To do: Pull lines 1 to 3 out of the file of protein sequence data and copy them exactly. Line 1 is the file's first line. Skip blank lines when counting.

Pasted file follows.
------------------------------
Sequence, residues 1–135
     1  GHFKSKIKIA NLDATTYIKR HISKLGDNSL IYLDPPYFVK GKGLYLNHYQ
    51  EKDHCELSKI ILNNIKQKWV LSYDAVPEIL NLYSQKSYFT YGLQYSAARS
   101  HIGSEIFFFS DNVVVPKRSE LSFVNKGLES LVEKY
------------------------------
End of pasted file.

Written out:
Sequence, residues 1–135
     1  GHFKSKIKIA NLDATTYIKR HISKLGDNSL IYLDPPYFVK GKGLYLNHYQ
    51  EKDHCELSKI ILNNIKQKWV LSYDAVPEIL NLYSQKSYFT YGLQYSAARS